Credit cards are a double-edged sword. On one hand, they let you enjoy luxuries immediately, without having to save up, and they help you finance emergencies. On the other, they tempt you into easy spending, and you pay a steep price in interest charges. They’ll even hurt your credit rating over only one or two late payments.
There’s a right way and a wrong way to use credit cards, as I’ve discovered in years of carrying Visa and MasterCard. Use them wisely and they’re a great part of your overall financial plan. Abuse them and your finances will suffer. Here’s what you should know:
The right way: Consolidate your bills on your credit card and pay it off at the end of the month. You won’t pay any interest if you pay your entire bill by the due date. Your credit card is a great budgeting tool when used this way. I also carry rewards cards and rack up gift cards and cash by charging all my routine purchases, like groceries and gasoline.
The wrong way: Buy things you can’t afford to pay for up front. We live in an instant gratification society, and credit cards play right into that. Can’t afford that giant flat-screen TV? Sure you can if you use your credit card, and don’t think about those interest charges that will make it cost twice the original price. While an occasional indulgence is okay, it’s best to save up for big purchases. Once you have enough money in the bank, put that big ticket item on your credit card, then pay off the balance when the bill arrives. Now you’ve got a zero balance and have earned rewards.
The right way: Have a credit card that’s just for emergencies. Cars break down, appliances go on the fritz, and kids and pets get sick. I always keep a credit card with a zero balance for just such emergencies. Then, when I’m worrying about how I’ll get around while my car is in the shop, I don’t have the added concern of how I’ll pay the mechanic. When I have to use my emergency card, I make it a priority to pay off the balance as quickly as possible, even if that means cutting off Starbucks, movie rentals, and other frills for a while. I make a couple of non-emergency charges on this card each year to keep it active because some banks close your account if you don’t use it at least occasionally.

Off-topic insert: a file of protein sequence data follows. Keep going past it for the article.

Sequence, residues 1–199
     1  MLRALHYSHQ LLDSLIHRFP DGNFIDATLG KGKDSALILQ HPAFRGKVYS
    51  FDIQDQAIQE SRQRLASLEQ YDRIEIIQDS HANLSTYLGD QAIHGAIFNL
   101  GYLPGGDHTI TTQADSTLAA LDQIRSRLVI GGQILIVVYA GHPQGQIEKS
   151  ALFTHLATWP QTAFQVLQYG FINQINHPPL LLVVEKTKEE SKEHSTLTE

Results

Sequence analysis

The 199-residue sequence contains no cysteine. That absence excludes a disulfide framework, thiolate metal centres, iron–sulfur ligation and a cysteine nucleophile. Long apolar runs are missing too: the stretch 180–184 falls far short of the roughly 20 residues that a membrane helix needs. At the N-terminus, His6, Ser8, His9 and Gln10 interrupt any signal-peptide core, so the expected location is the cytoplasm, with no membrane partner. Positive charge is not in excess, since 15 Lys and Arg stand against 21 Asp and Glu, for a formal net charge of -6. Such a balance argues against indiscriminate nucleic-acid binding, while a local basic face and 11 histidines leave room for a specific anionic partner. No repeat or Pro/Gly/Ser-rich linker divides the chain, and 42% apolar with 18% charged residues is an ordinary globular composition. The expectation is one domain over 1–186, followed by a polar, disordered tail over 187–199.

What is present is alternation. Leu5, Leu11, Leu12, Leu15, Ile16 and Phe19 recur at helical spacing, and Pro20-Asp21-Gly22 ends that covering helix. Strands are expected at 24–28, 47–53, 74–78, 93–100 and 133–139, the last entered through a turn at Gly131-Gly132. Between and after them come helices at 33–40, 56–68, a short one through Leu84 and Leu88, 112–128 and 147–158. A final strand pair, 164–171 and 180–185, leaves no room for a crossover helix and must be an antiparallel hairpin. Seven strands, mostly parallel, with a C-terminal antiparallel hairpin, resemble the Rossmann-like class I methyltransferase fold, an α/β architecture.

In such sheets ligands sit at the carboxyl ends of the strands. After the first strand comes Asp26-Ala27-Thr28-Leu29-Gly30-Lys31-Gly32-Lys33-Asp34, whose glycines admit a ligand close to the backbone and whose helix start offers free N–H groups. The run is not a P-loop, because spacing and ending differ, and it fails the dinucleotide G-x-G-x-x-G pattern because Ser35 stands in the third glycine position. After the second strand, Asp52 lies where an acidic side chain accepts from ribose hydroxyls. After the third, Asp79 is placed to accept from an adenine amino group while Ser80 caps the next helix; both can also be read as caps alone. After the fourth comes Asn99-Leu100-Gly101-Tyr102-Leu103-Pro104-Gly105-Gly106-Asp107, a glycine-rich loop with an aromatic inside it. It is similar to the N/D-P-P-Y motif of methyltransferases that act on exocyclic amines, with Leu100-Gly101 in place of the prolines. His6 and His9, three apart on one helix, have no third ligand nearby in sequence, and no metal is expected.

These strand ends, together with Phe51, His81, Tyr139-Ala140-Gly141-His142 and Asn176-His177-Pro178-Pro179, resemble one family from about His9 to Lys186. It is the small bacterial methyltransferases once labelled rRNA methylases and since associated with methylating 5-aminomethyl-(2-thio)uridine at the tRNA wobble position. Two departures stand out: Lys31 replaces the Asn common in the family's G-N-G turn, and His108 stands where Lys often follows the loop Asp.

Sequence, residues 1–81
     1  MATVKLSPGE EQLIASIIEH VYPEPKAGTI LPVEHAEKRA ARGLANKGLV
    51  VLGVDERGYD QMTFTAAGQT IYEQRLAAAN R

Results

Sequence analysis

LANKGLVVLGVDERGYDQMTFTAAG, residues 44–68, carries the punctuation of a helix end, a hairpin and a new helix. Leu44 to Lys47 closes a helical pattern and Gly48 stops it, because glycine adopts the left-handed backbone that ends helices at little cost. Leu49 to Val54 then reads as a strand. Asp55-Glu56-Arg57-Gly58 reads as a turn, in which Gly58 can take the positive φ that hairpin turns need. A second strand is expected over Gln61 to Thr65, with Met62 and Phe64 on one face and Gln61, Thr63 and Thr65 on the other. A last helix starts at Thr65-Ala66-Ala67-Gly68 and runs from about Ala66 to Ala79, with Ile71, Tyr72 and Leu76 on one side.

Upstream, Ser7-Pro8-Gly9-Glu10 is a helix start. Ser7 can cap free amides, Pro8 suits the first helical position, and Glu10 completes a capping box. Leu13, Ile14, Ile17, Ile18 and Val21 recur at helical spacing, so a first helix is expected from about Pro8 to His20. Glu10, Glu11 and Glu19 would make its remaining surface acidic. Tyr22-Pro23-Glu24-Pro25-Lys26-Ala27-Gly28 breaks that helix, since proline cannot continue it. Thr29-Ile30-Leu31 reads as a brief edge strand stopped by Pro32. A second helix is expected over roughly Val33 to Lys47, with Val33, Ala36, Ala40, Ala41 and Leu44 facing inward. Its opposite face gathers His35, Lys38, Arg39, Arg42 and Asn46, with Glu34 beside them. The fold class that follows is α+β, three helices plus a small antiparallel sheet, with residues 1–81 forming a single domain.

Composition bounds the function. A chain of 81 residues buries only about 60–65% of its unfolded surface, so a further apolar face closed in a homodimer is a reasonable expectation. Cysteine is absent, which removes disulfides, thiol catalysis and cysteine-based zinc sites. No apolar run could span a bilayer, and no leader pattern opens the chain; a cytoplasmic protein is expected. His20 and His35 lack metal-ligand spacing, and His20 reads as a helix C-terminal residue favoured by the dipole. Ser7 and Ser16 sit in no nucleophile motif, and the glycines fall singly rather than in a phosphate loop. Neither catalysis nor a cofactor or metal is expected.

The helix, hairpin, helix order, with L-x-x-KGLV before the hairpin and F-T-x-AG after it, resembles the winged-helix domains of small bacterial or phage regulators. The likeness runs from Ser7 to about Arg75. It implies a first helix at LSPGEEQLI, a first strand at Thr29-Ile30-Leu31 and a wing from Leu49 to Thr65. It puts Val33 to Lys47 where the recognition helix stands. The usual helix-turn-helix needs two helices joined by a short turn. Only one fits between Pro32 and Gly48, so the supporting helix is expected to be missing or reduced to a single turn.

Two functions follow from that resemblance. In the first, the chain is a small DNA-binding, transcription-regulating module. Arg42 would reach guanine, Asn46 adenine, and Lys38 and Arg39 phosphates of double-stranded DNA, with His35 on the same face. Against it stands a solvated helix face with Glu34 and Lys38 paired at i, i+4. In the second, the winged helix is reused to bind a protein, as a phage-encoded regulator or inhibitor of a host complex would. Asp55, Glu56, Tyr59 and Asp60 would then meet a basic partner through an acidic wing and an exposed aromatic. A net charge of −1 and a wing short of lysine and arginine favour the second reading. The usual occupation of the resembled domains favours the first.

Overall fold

The wrong way: Never use credit cards at all. Never using credit cards is almost as bad as overuse in terms of your credit rating. Your credit score is based on many things, but the biggest factor is how promptly you pay your bills. If you don’t have any bills to pay, you won’t have enough history built up and banks and loan companies will turn down your applications. Get one or two credit cards even if you prefer paying cash for everything. Use them for small purchases a few times each year to beef up your credit score so it’s there in case you ever unexpectedly need it.